Next five years expected to be hottest on record: UN
Tags: International News
The United Nations' World Meteorological Organization (WMO) has warned that the next five years will be the warmest period on record due to the combined effects of El Niño and greenhouse gases.
An Overview of the News
The WMO predicts that global temperatures are likely to exceed a 1.5°C increase by 2027, with a 98 percent chance of setting new heat records in at least one of the next five years.
There is a two-thirds chance that the more ambitious target set by the Paris climate agreement will be exceeded within one of the next five years, indicating that global temperatures are set to rise further.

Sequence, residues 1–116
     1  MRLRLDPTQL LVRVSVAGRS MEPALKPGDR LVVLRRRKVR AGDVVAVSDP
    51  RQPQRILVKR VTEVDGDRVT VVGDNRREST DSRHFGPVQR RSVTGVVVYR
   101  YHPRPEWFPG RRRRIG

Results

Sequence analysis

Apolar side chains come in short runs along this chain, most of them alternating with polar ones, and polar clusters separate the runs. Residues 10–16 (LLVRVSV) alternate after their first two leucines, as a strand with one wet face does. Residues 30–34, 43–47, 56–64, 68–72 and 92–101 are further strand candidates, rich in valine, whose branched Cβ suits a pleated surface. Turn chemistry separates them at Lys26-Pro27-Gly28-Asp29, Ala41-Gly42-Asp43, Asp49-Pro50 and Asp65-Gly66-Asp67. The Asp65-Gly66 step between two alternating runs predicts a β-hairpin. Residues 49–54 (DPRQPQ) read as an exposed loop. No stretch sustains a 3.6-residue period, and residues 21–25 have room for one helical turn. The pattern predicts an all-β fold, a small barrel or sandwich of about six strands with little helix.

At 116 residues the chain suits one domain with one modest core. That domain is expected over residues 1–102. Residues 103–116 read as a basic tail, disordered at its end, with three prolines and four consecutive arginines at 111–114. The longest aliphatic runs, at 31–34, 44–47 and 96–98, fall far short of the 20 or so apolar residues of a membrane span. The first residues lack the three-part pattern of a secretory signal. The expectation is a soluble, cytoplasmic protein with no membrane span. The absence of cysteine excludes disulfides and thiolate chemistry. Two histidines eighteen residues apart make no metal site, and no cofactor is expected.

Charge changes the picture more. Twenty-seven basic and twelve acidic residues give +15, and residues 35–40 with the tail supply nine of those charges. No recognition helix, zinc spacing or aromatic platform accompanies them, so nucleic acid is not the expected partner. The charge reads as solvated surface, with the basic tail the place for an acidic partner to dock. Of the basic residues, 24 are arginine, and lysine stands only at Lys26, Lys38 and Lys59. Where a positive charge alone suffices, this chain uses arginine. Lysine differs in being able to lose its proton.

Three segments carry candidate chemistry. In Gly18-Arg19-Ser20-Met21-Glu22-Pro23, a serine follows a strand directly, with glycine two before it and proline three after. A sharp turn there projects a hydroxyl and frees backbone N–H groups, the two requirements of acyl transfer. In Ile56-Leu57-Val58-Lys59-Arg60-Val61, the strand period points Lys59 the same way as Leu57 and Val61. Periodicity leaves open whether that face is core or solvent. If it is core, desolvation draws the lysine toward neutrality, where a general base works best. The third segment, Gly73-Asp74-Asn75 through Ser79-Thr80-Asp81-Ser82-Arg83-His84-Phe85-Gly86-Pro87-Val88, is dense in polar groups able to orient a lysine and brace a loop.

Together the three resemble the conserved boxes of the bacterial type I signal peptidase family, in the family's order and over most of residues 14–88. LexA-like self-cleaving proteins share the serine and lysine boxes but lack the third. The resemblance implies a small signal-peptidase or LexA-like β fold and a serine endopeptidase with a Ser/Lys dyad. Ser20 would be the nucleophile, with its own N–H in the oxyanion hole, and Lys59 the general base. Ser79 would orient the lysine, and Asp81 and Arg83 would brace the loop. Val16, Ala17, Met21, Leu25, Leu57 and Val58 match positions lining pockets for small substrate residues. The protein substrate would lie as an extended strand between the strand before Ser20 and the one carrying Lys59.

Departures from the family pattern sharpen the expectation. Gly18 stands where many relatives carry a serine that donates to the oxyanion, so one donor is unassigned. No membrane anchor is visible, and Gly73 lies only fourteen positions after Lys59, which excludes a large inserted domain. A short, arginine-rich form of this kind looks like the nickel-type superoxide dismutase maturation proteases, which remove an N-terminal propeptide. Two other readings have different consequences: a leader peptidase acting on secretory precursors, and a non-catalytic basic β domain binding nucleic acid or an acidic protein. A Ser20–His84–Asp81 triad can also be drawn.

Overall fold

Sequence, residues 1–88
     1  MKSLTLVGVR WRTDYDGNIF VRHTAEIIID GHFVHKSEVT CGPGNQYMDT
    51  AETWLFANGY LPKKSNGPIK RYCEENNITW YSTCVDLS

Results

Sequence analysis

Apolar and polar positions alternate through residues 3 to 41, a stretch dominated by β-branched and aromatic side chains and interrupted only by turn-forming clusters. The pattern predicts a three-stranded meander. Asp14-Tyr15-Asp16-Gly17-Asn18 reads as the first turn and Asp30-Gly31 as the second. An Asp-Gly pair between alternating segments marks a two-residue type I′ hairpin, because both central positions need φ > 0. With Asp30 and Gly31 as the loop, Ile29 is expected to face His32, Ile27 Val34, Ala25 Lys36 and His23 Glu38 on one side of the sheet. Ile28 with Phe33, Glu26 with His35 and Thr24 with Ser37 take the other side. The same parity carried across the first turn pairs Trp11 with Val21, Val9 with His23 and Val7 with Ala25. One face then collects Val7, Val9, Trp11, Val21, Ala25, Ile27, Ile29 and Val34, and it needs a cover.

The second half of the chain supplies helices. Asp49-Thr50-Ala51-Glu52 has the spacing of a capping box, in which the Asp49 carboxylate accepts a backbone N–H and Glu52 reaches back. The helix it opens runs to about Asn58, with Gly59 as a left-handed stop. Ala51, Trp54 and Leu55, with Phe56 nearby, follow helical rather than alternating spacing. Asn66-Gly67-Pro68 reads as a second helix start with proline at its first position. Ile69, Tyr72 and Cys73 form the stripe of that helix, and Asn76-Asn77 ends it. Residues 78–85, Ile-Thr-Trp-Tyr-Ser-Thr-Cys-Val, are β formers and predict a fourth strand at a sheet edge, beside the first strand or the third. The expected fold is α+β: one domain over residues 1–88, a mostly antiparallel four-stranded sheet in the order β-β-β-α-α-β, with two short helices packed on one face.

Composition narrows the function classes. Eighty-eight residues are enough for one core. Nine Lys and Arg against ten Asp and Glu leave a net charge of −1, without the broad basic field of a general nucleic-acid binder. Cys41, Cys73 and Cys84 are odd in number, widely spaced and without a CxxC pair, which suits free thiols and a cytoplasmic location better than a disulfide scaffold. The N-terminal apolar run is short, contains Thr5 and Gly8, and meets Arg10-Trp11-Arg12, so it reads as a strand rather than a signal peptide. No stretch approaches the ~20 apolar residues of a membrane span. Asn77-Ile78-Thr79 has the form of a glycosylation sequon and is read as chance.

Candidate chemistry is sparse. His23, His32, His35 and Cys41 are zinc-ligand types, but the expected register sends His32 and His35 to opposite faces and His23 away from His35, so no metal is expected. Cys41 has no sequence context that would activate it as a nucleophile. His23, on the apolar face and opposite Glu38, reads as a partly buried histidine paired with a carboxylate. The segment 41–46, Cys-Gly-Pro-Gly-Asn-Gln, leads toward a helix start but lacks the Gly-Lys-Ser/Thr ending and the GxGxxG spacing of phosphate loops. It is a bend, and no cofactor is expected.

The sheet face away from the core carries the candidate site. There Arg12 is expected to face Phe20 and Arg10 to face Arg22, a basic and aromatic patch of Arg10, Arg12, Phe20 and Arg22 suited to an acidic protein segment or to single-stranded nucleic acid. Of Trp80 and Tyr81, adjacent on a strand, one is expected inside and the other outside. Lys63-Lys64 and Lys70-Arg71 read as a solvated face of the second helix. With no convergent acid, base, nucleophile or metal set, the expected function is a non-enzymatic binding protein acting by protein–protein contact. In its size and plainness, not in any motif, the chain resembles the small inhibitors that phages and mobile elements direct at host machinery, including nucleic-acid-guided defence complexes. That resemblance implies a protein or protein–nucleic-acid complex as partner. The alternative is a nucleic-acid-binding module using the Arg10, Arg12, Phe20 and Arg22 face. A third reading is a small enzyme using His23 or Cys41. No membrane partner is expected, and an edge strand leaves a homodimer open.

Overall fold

The years between 2015 and 2022 are among the warmest ever recorded, and temperatures are expected to rise as climate change accelerates.
The Paris Agreement aims to limit global warming to "well below" two degrees Celsius above pre-industrial levels, preferably 1.5 degrees Celsius. However, the global average temperature in 2022 was already 1.15°C higher than the average measured between 1850 and 1900.
World Meteorological Organization (WMO)
It is a specialised agency of the United Nations and the organisation facilitates cooperation among member states.
It promotes international cooperation in atmospheric science, climatology, hydrology and geophysics.
It supports research and development in atmospheric science, which includes the study of Earth's atmosphere and its properties.
WMO focuses on understanding long-term weather patterns and climate variability.
Formation - 23 March 1950
Headquarters - Geneva, Switzerland
WMO Secretary General - Peteri Talas
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